Skin cancer is the most common form of cancer in the United States with more than three
million cases diagnosed each year. According to the American Academy of Dermatology,
approximately one in five Americans will develop skin cancer at some point in their life. Skin
cancer may develop anywhere on the body but is most common on sun exposed areas such as
the face, neck, ears, and extremities.
they originate. Basal cell carcinomas originate from the bottom layer of the epidermis called basal cells. They are the most common and least aggressive form of skin cancer. Squamous cell carcinomas originate from the top layers of the epidermis called squamous cells. These cancers are less common than basal cell carcinomas but are more aggressive with the potential to spread (metastasize). Melanomas originate from pigment producing cells in the epidermis called melanocytes. While melanomas are the least common form of skin cancer, they are the most aggressive with a high risk of metastasis if left untreated.
Common risk factors for skin cancer include: fair skin, sun exposure, tanning beds, increased age, suppressed immune system, as well as multiple atypical or large moles. While skin cancers are common, they are highly curable if caught early and treated appropriately. Treatment depends on the type, size and location of the tumor.
Since the majority of skin cancers are due to UV radiation, sun protection and smart skin care are key factors in maintaining a healthy skin and reducing the risks of skin cancer. According to the Skin Cancer Foundation, using a sunscreen with an SPF 15 or higher is an important part of a healthy skin regimen. However, sunscreen alone is not enough. The following guidelines help protect and care for your skin:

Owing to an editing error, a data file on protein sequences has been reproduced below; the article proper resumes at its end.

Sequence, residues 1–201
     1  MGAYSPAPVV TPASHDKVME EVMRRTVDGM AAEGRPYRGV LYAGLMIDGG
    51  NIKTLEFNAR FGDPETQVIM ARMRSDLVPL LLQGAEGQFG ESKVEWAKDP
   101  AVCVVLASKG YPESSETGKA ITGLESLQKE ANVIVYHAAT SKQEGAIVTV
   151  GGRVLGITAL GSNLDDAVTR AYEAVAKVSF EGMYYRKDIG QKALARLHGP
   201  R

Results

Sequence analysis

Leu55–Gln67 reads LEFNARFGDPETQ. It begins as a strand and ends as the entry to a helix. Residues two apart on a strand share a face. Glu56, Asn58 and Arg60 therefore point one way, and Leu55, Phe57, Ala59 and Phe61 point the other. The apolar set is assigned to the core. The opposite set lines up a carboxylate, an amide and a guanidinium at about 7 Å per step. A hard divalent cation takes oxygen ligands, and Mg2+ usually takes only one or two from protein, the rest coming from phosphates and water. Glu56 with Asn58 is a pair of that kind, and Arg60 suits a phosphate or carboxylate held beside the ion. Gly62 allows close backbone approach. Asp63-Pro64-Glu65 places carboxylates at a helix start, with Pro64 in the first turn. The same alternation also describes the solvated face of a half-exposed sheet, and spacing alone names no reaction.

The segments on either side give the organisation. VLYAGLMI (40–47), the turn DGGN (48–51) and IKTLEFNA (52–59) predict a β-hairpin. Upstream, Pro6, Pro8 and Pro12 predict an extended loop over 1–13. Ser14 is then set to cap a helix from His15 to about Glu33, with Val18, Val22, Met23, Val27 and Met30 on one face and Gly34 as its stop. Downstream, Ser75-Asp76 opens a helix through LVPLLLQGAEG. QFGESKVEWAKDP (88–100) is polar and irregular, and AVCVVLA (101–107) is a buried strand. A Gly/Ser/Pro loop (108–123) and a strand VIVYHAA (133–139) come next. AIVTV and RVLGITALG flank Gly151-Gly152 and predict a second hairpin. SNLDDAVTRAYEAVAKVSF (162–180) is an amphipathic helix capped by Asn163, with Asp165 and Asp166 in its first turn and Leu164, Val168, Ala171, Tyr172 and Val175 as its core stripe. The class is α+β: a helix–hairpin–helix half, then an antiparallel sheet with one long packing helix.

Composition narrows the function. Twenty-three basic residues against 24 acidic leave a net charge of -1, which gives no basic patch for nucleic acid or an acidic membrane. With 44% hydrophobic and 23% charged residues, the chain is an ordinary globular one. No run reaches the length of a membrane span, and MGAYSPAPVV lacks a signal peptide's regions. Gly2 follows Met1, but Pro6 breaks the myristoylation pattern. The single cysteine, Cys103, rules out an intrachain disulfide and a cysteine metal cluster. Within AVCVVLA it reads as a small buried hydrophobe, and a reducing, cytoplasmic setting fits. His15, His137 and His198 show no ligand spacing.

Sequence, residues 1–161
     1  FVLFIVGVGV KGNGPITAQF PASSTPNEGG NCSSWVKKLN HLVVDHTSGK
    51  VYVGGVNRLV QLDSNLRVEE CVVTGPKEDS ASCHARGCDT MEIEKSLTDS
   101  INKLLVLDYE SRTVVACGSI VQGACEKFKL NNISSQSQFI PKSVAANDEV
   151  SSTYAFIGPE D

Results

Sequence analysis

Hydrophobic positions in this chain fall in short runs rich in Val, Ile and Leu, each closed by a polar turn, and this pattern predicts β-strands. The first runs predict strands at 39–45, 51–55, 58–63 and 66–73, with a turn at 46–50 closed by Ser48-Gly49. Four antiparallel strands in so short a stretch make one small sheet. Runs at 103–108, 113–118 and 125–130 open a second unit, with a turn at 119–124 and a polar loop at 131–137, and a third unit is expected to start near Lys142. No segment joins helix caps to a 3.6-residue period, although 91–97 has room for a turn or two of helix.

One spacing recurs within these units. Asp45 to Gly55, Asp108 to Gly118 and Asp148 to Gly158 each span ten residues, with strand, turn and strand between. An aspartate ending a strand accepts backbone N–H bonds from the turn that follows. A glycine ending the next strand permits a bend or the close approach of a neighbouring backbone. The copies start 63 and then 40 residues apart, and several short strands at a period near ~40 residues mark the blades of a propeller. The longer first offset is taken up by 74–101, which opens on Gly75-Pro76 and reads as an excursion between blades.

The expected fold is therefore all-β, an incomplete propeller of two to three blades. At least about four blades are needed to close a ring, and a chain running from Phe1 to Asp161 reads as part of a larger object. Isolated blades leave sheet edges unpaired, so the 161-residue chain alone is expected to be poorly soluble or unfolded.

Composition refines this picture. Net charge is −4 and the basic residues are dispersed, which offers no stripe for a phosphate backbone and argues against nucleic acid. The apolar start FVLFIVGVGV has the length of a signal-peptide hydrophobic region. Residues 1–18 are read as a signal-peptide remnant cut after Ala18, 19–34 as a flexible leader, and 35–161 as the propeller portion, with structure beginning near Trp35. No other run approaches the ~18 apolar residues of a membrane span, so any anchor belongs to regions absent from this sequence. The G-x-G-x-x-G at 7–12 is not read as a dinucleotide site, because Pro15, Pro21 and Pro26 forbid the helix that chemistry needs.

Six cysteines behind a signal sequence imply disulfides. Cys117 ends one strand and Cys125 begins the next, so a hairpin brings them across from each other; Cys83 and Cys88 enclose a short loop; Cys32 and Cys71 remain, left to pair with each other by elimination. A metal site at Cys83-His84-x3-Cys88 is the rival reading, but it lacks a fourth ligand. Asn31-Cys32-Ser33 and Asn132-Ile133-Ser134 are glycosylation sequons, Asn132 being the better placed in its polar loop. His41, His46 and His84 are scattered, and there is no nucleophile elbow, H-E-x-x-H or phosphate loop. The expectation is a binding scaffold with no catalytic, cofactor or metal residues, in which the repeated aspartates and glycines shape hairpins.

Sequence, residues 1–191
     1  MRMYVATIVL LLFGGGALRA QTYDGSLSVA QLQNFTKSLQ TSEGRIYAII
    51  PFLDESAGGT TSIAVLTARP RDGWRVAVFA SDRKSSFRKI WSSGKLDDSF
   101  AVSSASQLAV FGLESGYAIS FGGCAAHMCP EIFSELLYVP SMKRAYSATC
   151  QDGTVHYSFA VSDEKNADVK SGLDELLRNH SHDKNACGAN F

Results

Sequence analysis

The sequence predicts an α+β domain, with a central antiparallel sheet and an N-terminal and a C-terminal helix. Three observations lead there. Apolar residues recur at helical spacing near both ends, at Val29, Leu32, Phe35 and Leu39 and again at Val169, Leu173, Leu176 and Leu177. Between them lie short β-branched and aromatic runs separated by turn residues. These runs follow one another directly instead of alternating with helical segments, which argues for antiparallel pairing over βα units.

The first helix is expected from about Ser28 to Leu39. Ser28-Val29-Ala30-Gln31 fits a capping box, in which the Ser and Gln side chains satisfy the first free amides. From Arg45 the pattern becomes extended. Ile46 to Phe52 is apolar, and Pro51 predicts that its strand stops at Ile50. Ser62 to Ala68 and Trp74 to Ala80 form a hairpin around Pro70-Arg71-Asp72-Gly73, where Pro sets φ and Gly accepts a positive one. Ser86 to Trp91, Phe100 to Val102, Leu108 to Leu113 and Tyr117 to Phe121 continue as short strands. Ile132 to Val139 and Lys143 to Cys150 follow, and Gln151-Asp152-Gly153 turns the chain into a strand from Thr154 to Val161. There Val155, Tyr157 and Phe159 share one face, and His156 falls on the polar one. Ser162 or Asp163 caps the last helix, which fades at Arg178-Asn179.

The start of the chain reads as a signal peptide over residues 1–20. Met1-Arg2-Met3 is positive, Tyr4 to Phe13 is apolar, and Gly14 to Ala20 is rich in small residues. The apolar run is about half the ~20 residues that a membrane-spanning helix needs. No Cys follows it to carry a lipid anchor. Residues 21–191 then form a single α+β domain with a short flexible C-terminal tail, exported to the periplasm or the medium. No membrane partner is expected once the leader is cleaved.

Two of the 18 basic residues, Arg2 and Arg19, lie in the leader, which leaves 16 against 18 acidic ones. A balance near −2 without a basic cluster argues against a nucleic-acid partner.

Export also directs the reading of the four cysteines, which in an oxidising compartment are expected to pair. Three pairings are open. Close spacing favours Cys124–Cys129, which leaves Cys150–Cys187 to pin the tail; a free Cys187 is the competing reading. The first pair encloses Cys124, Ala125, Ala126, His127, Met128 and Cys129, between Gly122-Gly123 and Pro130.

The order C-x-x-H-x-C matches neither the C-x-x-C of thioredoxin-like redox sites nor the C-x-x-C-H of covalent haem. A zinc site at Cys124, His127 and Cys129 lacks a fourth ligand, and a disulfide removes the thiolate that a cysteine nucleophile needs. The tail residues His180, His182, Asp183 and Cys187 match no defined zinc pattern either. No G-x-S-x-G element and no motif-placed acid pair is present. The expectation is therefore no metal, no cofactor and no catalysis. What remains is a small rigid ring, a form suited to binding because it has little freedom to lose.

Stay out of the sun during peak hours, from 10 am to 4 pm.
Use a broad spectrum (UVB/UVA) sunscreen with SPF 15+ as part of your daily regimen. For extended outdoor activity, use a broad spectrum sunscreen with SPF30+ and reapply every two hours. It’s best to apply sunscreen half an hour before going outdoors.
Remember, sunscreen does not make you immune to the sun. It only delays the time it takes to burn! Seek the shade when possible.
Cover up with clothing, including a broad-brimmed hat and sunglasses.
Avoid tanning in the sun and tanning beds.
Keep newborns out of the sun. Start using sunscreens on babies over the age of six months.
Examine your skin monthly and contact your dermatologist if you notice any changes. For couples, its best to create a buddy system in which you examine your partner’s skin routinely.
Get regular skin examinations. It’s recommended that adults over the age of 40 get an annual skin exam by their dermatologist.